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The Portrait of a Lady — Volume 1 by Henry James
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congruously, after all, so far as the surrounding picture is
concerned, than in presence of the moderate and the neutral, to
which we may lend something of the light of our vision. Such a
place as Venice is too proud for such charities; Venice doesn't
borrow, she but all magnificently gives. We profit by that
enormously, but to do so we must either be quite off duty or be
on it in her service alone. Such, and so rueful, are these
reminiscences; though on the whole, no doubt, one's book, and
one's "literary effort" at large, were to be the better for
them. Strangely fertilising, in the long run, does a wasted
effort of attention often prove. It all depends on HOW the
attention has been cheated, has been squandered. There are
high-handed insolent frauds, and there are insidious sneaking
ones. And there is, I fear, even on the most designing artist's
part, always witless enough good faith, always anxious enough
desire, to fail to guard him against their deceits.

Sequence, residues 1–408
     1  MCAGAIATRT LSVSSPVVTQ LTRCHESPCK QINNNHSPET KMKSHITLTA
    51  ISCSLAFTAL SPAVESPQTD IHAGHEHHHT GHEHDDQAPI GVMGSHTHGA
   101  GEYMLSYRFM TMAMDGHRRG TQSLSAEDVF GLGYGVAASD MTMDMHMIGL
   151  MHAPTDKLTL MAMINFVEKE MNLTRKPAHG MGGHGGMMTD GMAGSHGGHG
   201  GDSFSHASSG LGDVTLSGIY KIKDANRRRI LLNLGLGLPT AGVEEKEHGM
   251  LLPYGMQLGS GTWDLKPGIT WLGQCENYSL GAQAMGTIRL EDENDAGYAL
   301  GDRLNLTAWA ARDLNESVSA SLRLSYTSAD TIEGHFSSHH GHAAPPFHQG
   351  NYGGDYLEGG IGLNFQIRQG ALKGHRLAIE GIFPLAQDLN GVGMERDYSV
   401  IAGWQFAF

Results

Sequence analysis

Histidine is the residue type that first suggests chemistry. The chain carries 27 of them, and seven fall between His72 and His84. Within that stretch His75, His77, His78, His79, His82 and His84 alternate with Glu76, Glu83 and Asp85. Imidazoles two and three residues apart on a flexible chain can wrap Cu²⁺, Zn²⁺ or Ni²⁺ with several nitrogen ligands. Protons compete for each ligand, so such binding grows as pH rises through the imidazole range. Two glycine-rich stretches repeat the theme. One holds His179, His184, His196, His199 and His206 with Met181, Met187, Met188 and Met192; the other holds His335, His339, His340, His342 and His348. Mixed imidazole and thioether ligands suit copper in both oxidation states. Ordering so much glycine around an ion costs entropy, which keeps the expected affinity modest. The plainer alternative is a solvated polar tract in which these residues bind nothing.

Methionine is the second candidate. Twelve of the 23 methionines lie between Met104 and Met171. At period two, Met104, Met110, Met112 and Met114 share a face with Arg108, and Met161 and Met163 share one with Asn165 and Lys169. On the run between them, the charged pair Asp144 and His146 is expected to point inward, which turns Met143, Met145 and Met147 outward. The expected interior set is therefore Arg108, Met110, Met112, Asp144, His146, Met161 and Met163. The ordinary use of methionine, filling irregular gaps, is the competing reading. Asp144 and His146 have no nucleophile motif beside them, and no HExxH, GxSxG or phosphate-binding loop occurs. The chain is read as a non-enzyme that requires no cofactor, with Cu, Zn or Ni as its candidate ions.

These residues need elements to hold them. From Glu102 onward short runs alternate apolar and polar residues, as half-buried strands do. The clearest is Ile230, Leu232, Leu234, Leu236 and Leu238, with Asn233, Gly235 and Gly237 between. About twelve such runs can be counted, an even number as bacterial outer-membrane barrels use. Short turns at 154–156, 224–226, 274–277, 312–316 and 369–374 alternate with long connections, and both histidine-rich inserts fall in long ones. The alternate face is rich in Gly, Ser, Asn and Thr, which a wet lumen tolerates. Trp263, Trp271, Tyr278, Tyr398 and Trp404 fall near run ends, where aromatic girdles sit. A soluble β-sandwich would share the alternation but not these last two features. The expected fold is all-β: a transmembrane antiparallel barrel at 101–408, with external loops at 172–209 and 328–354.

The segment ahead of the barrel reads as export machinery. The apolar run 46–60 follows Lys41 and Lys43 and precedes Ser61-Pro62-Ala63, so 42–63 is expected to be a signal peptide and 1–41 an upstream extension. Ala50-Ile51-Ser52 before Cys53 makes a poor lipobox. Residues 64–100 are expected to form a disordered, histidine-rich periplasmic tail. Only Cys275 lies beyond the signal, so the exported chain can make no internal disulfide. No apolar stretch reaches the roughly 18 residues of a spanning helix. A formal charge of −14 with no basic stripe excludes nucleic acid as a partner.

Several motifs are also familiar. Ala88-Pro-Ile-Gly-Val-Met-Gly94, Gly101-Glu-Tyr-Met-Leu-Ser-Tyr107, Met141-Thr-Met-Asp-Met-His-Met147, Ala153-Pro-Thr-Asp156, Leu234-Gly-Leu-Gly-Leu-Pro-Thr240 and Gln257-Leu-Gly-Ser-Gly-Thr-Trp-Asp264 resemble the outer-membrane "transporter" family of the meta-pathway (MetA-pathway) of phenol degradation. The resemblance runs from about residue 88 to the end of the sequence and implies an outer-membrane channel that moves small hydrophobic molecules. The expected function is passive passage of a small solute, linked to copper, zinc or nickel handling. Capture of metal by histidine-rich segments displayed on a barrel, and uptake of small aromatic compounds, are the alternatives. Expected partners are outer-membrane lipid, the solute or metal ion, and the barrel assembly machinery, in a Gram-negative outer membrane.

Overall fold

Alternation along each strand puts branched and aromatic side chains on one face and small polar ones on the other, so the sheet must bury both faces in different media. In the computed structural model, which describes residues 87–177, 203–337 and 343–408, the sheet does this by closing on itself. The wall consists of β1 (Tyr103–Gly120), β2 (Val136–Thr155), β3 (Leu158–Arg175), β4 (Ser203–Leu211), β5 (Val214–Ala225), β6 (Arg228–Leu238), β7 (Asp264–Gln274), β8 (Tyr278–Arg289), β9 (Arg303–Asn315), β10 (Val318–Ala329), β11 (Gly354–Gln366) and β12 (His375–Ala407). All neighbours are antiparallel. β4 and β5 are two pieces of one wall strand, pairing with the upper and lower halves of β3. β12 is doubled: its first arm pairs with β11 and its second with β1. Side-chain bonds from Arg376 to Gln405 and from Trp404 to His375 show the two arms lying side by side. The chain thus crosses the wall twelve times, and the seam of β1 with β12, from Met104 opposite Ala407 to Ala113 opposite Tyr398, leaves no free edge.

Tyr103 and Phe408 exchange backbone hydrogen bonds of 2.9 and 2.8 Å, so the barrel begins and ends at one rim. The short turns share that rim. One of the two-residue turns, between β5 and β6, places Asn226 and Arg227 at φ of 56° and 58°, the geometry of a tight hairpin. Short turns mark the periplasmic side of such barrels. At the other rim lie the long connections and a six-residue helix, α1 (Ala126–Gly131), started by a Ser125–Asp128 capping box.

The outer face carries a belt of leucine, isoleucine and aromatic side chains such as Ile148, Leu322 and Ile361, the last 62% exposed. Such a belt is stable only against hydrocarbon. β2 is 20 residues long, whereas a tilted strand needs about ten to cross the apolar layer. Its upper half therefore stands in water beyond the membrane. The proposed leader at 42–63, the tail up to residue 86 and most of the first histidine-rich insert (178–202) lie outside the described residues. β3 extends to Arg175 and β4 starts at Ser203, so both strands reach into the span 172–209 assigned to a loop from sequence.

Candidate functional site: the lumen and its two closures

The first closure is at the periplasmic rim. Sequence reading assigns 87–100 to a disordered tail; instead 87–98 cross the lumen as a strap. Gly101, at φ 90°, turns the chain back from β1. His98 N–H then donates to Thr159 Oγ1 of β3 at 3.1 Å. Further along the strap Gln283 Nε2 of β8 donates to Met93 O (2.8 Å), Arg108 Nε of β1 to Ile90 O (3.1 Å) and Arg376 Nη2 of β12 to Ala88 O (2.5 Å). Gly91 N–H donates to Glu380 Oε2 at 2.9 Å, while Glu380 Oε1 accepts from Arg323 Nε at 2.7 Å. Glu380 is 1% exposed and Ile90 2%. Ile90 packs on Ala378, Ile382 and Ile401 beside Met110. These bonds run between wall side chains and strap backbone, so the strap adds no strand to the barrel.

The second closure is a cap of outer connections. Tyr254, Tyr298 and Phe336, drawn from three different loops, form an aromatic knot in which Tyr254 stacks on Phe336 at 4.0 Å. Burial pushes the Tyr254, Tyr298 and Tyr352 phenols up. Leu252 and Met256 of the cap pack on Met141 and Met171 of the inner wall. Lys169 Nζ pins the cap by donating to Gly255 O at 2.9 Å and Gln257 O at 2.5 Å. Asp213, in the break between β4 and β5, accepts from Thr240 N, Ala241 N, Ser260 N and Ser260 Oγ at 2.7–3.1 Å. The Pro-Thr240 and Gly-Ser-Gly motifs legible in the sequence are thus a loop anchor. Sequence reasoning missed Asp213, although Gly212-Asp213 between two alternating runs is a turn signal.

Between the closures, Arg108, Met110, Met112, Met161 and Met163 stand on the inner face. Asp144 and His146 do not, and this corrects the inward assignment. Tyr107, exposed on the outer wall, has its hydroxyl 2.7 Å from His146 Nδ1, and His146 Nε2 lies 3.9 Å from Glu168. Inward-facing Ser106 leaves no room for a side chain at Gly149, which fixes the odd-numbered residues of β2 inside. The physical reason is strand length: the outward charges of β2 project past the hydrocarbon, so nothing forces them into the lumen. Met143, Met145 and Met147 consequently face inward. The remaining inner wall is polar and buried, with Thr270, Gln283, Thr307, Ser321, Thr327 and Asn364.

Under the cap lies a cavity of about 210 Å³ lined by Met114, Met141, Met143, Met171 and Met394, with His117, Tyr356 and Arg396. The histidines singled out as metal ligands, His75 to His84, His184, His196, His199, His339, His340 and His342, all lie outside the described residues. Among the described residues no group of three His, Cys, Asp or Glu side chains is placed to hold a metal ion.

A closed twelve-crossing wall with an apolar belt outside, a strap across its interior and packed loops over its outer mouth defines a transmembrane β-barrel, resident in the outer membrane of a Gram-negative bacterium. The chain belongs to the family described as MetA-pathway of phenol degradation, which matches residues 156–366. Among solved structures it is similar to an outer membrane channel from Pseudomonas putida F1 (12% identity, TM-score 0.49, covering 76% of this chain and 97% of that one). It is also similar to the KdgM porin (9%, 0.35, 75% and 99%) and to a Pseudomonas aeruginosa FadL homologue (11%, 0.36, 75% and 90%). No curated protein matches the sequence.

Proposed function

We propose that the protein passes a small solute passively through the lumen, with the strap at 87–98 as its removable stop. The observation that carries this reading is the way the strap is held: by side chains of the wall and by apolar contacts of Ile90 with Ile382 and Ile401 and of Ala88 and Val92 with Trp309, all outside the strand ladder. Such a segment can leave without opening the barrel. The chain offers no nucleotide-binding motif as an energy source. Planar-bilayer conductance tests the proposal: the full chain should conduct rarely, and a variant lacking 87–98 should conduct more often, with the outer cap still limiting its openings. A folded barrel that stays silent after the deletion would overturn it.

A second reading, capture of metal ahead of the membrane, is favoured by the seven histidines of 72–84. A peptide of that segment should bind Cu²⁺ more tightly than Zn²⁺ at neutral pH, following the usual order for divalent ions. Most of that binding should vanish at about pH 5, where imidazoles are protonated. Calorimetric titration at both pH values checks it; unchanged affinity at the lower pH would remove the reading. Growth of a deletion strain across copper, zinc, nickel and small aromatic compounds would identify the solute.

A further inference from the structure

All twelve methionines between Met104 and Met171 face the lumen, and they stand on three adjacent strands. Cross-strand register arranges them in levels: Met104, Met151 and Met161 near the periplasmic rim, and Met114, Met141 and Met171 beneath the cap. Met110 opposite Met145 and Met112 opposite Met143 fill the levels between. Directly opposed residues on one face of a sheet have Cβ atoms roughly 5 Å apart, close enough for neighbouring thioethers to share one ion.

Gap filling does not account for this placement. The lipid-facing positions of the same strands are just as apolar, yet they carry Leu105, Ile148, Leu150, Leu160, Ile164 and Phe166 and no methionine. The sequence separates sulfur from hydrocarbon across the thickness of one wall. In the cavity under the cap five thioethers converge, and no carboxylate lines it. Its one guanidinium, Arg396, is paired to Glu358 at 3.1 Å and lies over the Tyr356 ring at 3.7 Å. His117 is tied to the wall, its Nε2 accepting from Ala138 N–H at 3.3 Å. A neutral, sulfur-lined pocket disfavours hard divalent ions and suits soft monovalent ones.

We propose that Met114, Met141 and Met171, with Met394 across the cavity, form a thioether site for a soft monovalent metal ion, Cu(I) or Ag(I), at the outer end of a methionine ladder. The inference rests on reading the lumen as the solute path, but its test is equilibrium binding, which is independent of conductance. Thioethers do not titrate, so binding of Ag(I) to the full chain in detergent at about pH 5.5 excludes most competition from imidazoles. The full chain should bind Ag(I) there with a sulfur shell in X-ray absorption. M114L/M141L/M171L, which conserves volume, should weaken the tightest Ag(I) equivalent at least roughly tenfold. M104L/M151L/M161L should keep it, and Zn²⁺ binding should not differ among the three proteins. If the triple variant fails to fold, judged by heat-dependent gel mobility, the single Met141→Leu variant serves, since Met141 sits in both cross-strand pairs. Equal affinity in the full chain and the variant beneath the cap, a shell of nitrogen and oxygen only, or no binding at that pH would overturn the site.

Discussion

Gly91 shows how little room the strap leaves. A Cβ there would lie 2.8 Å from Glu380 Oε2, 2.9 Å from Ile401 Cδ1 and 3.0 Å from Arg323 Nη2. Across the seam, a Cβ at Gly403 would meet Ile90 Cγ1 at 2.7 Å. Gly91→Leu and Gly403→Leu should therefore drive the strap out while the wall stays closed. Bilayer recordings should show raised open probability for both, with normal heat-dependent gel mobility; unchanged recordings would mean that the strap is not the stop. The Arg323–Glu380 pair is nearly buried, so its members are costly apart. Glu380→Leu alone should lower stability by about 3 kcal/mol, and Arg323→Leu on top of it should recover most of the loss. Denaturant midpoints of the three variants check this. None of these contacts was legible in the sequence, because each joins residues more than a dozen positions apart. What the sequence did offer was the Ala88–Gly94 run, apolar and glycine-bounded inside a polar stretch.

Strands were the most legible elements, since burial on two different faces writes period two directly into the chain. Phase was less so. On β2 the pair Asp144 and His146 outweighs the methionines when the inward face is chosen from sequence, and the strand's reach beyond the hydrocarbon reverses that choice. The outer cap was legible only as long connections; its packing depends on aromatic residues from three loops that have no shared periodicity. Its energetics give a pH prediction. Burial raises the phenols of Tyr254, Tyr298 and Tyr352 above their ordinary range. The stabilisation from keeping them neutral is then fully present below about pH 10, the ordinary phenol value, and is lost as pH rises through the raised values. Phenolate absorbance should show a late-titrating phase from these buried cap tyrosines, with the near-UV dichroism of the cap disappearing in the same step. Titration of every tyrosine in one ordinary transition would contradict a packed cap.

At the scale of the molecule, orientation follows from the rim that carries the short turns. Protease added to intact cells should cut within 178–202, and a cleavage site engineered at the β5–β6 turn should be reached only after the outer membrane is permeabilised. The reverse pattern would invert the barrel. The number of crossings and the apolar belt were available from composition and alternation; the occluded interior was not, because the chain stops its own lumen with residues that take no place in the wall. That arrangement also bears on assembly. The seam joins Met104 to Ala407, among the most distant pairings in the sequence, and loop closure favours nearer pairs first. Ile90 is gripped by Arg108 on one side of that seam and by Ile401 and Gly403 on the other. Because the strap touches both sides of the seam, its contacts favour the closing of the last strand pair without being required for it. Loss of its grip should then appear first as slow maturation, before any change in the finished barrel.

Trying to recover here, for recognition, the germ of my idea, I
see that it must have consisted not at all in any conceit of a
"plot," nefarious name, in any flash, upon the fancy, of a set of
relations, or in any one of those situations that, by a logic of
their own, immediately fall, for the fabulist, into movement,
into a march or a rush, a patter of quick steps; but altogether in
the sense of a single character, the character and aspect of a
particular engaging young woman, to which all the usual elements
of a "subject," certainly of a setting, were to need to be super
added. Quite as interesting as the young woman herself at her
best, do I find, I must again repeat, this projection of memory
upon the whole matter of the growth, in one's imagination, of
some such apology for a motive. These are the fascinations of the